It was interesting listening to the podcast after having played the Sploder games. As mentioned in an earlier post, I am not much of a gamer, although I do realize the benefits that gaming brings to a classroom of lifetime gamers. I found that the comments regarding boredom, lack of instruction (and consequent confusion) and being too hard quite pertinent to my experience. I expect that with many ability levels in a classroom, that designing games must be a very careful process. One thing that I do find in the classroom, is that students are very willing to help guide other students through the game, so things do tend to level out somewhat.
quite pertinent to my experience. I expect that with many ability levels in a classroom, that designing games must be a very careful process. One thing that I do find in the classroom, is that students are very willing to help guide other students through the game, so things do tend to level out somewhat.
I find this quite relevant to our experience in most new game types as well. I'm glad you were able to connect with Koster and Puentadura's thought.
Scaffold, scaffold, scaffold! As I mentioned in our live meeting, I need fairly easy first levels that give me some skill training for subsequent more difficult levels but do not overwhelm me. Immediate rewards is also key to my happiness in the game. I really think this is a factor in how Candy Crush has become so viral. The first levels can be done in your sleep and they throw in incremental challenges along the way to keep you challenged. If I had to do a level 20 times initially, I would have quit long ago. They cleverly give you an easy level after a monumentally difficult one:) You also get that immediate gratification of stars (up to three but I actually don't care about getting three if I progress to the next level). You see your character move on the game board, and you hear encouraging dings, whistles and chimes. The music background does not entice me though, and I turn the volume way down. All in all, they have the key factors in good game design. The brilliance on their part is the simplicity of the game. Who would have though it?!
I am so glad to be listening to and reading Puentedura's ideas. I had run across the SAMR model this year when searching for matrices for technology assessment, but had not looked into his game ideas.
His points of view made me feel much better after having such a dismal time with most of the Sploder games. The Arcade and the 3D games were much better for the reasons I listed in my blog. However, the experience of playing the other games left me feeling depressed and defeated (not unlike the experience of many kids in the classroom with curriculum or teaching methods that are unclear, too difficult, or extremely narrow in their approach).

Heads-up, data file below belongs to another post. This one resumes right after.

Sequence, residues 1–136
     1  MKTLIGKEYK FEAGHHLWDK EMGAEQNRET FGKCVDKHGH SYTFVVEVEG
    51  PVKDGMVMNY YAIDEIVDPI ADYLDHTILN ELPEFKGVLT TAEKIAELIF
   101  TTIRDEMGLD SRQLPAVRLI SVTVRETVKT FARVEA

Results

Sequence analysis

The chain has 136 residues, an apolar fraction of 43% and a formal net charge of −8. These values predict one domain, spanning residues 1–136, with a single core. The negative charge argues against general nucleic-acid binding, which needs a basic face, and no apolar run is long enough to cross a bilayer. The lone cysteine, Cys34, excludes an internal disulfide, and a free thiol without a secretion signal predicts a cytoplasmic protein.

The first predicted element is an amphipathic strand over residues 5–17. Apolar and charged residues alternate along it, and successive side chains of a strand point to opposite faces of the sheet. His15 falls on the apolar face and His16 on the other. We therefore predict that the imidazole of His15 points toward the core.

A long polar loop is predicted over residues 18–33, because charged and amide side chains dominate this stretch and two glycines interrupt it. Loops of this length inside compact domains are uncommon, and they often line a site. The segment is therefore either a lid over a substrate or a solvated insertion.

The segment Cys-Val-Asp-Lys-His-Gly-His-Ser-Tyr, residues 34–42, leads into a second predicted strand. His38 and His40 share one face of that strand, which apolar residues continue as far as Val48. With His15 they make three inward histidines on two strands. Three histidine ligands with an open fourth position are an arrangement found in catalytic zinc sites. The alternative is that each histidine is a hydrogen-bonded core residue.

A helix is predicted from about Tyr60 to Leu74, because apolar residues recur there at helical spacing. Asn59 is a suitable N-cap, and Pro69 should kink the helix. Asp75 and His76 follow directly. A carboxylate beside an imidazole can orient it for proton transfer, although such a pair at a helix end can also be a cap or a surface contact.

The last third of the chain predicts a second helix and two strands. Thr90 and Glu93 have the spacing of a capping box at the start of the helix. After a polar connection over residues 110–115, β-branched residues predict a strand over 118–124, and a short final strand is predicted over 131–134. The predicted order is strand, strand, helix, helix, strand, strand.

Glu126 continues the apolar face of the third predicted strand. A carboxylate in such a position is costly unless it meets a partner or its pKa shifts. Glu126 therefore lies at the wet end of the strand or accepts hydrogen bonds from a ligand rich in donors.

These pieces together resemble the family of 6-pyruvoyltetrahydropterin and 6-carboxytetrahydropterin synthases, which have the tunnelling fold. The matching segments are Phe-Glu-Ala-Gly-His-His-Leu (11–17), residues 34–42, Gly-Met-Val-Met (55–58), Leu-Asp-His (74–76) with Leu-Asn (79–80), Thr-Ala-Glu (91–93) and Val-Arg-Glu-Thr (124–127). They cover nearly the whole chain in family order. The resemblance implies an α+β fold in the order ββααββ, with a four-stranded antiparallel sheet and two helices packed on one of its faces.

Since I have not played games on Sploder, I had fun testing out some new games. As someone who likes to explore games rather than master them, I was surprised that the Sploder physics game allowed me to try out different methods and explore the very small environment in a way I had not done before. Additionally, I thought Dr. Puentedura's point about all games being social was excellent. I have taken that aspect for granted, but there really are many opportunities to engage with the wider gaming community whether in game, in person or through forums. I think that social aspect has a lot of use in an education setting.
I did enjoy listening to the podcast by Dr. Ruben Puentedura. I think after listening/reading his ideas (and those of Raph Koster), I should be able to go back to Sploder and redesign my game. I also looked at his other podcast on "What is a game?" and found this very useful as well. He talked about where games can lie on three scales (or spectrums, I suppose):
More Narrative <----> Less Narrative
Goal-Driven <----> Arbitrary
It's a great way for classifying games. I found this very interesting.
I like what Dr Puentadura is saying. He outlines the features of good games very well with some great examples. I certainly see that I was missing a few elements of good games in the creation of my sploder game! I liked the chart that Dr Puentadura used (based on Raph Koster’s work) to highlight features of bad and good game design. I was also glad to see him connect various elements of the content to the potential for games in education.
I like games that have purpose, but I also have found, playing these games, that I like a strong on boarding experience. Graphics are important, but game play, itself, is most important. I like games with a mission (save the Princess, Capture the Pirates, etc.).
I think that the qualities that I enjoyed in these games were the qualities that I enjoy in any game that I play: customization, alternatives, and intuitive game play. I value the ability to progress and customize my experience in games. This is likely colored by just north or two decades of playing RPG-style games. If I cannot customize the experience and progress in a meaningful way, then I'm not likely having any fun. Similarly, I like to use alternative means to achieve goals; why bash your way through a dungeon when you can sneak or use diplomacy? Finally, I like a game that feel intuitive to me. This last category is way more subjective, since every player has a preference (inverted camera or no?), but it is still a deal-breaker, in my opinion.